What might have been Kushner's motivation to present the events in Act II, sc. 9 as a split scene?

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Ashley Kannan eNotes educator| Certified Educator

I think that the split scene technique and the almost simultaneous nature of both couples' breaking up contributes to the overall theme of change and transformation that underscores the entire drama.  The idea that human beings must endure change, and that progress on both national and spiritual levels is defined by this element of change is what drives the action in both scenes.  Joe and Louis are animated by the need to change their lives, necessitating the breakup.  Louis feels he needs to be honest with himself in that he can no longer give what it is that Prior needs.  Joe feels that he must be direct with Harper in which he indicates that he no longer can care for her or that he has feelings that bind him to her.  Both men display angst with change, unable to repel it and oddly uncomfortably in embracing it.  The recipients of these messages are agents that struggle with such change, reflecting Kushner's idea that change and transformation are difficult forces to accept, but inevitable when they present themselves.  Prior and Harper both stand hurt and stunned with change.  Despite standing at the "threshold of revelation," it still hurts to be rejected and to deny it and, thus, deny a part of what it means to be human is where the location of pain resides in both of them.  Displaying this as a split- scene enables Kushner to thematically explore an idea in different contexts, showing its complexity and its universality in one vibrant instant.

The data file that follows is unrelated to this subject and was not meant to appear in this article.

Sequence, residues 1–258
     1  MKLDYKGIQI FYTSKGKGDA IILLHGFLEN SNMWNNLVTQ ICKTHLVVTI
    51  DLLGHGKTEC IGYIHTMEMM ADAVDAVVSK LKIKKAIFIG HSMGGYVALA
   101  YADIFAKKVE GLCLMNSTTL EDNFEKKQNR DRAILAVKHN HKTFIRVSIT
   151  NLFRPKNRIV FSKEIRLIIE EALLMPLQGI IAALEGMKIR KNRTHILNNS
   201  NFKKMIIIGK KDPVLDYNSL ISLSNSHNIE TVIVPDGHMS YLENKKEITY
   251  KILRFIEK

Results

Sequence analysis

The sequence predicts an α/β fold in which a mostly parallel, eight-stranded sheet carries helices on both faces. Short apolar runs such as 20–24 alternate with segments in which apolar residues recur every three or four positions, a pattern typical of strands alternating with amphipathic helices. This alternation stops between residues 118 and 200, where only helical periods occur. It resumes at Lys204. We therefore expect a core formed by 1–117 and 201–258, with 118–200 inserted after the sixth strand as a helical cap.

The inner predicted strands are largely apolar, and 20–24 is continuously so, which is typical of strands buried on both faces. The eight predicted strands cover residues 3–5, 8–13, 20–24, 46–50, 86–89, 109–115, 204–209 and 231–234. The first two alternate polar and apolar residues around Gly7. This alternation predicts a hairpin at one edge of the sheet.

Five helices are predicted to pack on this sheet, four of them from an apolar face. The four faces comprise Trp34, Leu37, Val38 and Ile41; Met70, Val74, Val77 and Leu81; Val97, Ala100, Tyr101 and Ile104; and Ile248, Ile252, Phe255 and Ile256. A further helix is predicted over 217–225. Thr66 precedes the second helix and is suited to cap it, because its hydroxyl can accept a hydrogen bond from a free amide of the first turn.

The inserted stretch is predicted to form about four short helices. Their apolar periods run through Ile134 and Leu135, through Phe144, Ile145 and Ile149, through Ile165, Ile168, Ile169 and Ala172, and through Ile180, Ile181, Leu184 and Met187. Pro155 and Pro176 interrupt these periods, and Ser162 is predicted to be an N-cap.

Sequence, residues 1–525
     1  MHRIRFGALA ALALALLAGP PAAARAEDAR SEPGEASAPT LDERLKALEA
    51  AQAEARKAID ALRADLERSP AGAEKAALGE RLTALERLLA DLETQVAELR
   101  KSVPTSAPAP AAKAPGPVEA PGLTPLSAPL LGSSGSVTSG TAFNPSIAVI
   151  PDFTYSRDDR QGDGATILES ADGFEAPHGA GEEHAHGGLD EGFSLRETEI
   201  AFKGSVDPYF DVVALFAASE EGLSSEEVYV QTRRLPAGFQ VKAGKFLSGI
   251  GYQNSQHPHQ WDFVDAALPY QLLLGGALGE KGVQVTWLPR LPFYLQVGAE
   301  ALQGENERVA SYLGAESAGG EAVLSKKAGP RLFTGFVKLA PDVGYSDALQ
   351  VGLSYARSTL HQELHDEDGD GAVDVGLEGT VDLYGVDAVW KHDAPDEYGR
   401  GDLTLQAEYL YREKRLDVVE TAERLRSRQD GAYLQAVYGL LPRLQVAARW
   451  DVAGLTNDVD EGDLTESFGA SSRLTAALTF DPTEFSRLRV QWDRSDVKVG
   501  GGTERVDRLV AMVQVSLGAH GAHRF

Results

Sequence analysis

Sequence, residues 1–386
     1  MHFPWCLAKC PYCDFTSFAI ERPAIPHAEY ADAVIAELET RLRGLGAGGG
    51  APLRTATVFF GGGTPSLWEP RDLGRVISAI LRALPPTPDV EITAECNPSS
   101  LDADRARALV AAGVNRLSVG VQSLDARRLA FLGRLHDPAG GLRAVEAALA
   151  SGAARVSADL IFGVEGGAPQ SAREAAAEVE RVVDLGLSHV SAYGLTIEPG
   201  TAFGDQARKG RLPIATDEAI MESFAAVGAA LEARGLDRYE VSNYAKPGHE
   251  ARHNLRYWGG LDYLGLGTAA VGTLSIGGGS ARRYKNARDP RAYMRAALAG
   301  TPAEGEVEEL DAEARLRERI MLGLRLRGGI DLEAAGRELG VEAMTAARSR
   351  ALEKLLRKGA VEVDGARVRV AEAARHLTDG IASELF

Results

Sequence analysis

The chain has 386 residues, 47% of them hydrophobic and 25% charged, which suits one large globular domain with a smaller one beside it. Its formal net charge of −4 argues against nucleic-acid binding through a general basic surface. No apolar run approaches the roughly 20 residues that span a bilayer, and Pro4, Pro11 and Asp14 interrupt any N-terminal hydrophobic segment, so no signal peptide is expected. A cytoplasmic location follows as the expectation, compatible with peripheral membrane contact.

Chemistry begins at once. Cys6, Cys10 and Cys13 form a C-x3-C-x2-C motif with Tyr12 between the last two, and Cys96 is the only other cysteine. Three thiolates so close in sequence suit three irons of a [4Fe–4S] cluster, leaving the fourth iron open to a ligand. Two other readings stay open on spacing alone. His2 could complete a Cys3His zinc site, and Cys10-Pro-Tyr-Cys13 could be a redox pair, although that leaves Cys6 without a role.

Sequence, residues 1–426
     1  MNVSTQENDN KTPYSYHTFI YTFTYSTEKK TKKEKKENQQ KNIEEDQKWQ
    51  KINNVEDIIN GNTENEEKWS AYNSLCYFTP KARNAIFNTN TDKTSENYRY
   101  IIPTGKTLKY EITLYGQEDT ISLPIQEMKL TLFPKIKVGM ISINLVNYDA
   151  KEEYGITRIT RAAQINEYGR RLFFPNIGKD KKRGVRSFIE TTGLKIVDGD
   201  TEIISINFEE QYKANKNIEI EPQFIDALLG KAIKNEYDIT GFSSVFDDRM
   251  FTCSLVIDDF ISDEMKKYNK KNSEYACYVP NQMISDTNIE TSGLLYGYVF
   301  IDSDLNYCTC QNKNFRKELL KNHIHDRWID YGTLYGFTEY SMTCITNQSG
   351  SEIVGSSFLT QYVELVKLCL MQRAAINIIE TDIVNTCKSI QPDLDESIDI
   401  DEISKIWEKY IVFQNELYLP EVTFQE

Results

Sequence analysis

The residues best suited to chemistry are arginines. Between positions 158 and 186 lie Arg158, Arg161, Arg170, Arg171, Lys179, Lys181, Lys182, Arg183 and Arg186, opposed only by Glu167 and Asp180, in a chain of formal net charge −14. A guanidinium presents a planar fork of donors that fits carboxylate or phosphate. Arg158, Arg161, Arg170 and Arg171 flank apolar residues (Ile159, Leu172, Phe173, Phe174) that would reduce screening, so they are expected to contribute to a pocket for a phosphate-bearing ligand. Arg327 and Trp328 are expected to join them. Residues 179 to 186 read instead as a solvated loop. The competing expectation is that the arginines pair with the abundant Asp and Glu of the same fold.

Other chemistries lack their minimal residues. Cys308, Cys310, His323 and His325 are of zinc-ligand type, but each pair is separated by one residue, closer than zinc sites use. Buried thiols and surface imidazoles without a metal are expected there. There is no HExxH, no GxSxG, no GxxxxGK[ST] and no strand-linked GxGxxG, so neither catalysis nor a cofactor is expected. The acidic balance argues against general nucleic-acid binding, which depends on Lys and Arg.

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Angels in America

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